6. Nether, lower, i. e. our crimes here below.
7. May overturn all my castles in the air, and crush my life, so hateful to them, beneath the ruins.
Albany. Where was his son, when they did take his eves? Mess. Come with my lady hither. y Alb. - He is not here. Mess. No, my good lord; I met him back again. Alb. Knows he the wickedness? Mess. Ay, my good lord; ’t was he inform'd against him, And quit the house, on purpose that their punishment Might have the freer course. Alb. - Gloster, I live --> To thank thee for the love thou show'dst the king, And to revenge thine eyes. – Come hither, friend: Tell me what more thou knowest. [Eaceunt.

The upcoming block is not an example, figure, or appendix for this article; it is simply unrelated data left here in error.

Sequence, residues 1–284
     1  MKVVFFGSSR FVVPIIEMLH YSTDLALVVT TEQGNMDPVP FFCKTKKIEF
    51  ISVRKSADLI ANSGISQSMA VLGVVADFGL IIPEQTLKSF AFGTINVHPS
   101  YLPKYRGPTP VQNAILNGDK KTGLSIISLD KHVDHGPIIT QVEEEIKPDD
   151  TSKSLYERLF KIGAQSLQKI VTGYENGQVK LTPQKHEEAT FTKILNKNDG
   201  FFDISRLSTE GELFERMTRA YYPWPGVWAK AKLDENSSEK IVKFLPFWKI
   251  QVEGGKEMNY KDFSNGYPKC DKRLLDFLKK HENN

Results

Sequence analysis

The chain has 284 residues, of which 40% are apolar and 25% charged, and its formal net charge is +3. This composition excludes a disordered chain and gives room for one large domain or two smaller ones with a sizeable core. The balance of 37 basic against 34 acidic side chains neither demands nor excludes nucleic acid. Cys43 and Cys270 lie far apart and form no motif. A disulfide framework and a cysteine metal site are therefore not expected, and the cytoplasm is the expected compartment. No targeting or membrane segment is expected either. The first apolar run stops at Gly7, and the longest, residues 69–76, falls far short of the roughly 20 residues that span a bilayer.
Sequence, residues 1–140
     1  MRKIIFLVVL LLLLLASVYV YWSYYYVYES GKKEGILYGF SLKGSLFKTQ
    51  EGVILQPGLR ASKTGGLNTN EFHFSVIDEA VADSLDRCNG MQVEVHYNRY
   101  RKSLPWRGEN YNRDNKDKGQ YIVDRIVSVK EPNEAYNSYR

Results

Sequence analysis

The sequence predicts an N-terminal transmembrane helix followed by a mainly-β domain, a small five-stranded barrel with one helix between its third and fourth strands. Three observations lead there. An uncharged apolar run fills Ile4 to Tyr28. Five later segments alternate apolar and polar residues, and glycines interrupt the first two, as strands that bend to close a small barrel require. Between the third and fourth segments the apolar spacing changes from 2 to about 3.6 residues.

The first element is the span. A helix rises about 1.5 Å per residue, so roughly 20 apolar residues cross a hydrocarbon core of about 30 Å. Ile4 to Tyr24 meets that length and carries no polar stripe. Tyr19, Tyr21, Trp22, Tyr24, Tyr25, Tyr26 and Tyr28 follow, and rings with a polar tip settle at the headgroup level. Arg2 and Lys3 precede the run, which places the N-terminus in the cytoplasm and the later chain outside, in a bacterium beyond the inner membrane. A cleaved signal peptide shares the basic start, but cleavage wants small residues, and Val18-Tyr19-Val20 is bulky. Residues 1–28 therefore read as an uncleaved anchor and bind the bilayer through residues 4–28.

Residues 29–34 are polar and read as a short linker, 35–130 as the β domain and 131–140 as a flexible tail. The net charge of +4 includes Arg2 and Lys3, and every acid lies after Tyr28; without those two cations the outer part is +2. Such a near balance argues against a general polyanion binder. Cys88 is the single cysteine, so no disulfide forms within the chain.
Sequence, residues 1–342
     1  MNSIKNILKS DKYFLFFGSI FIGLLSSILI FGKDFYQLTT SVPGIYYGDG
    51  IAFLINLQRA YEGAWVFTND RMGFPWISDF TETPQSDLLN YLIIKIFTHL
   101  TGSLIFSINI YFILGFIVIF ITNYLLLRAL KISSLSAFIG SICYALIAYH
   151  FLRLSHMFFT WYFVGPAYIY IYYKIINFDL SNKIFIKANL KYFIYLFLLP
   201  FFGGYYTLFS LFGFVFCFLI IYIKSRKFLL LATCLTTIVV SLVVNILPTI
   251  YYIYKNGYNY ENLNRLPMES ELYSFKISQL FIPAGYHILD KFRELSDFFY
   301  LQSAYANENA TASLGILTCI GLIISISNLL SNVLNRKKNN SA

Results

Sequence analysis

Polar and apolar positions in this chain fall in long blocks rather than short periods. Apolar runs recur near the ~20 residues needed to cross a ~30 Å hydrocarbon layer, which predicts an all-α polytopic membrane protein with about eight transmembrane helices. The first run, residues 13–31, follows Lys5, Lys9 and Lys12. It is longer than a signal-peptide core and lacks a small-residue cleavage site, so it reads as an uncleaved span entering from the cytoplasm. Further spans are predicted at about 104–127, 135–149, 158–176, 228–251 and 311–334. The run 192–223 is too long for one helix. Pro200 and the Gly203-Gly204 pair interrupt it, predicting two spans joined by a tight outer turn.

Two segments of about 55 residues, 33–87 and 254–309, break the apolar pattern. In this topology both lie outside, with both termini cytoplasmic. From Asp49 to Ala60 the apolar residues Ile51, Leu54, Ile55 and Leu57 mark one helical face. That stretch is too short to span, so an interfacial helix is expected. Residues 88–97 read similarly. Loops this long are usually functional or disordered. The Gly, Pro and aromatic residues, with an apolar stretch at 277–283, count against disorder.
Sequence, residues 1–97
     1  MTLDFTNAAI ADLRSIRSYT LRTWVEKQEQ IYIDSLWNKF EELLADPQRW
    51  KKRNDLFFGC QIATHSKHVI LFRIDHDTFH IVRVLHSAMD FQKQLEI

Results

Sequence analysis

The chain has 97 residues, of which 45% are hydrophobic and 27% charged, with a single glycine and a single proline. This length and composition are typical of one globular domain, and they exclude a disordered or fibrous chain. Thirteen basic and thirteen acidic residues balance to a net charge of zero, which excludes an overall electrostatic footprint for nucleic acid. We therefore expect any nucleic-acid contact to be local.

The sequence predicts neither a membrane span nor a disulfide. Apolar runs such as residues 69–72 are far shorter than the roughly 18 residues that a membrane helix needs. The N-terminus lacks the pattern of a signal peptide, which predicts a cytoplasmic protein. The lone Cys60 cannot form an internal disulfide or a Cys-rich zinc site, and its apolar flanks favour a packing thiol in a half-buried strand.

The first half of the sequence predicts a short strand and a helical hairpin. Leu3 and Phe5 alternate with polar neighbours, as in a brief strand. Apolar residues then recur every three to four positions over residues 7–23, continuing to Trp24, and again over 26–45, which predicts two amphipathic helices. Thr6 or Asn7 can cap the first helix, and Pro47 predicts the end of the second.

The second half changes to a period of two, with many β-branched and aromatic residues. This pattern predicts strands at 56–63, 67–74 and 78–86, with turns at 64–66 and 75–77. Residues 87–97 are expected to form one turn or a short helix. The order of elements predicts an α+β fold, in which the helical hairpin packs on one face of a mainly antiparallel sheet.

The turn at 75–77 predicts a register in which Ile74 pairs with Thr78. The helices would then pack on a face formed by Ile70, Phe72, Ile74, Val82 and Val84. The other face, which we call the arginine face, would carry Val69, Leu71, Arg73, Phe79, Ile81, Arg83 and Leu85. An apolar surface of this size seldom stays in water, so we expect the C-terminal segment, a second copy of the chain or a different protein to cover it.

Kent. Why the king of France is so suddenly gone back, know you the reason? Gentleman. Something he left imperfect in the state, which since his coming forth is thought of; which imports to the kingdom so much fear and danger, that his personal return was most requir’d, and necessary. Kent. Who? hath he left behind him general? Gent. The Marshal of France, Monsieur la Far. Kent. Did your letters pierce the queen to any demonstration of grief? Gent. Ay, Sir; she took them, read them in my presence; And now and then an ample tear trill'd down Her delicate cheek: it seem’d, she was a queen Over her passion, who, most rebel-like, Sought to be king o'er her. Kent. O ! then it mov’d her. Gent. Not to a rage: patience and sorrow strove Who should express her goodliest. You have seen Sunshine and rain at once: her smiles and tears Were like a better day: those happy smilets,”